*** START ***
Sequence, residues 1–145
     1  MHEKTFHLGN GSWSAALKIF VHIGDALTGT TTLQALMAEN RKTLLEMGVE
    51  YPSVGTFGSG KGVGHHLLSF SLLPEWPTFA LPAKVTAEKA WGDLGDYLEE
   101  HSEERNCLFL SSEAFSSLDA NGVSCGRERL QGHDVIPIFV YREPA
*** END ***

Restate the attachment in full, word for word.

Sequence, residues 1–145
     1  MHEKTFHLGN GSWSAALKIF VHIGDALTGT TTLQALMAEN RKTLLEMGVE
    51  YPSVGTFGSG KGVGHHLLSF SLLPEWPTFA LPAKVTAEKA WGDLGDYLEE
   101  HSEERNCLFL SSEAFSSLDA NGVSCGRERL QGHDVIPIFV YREPA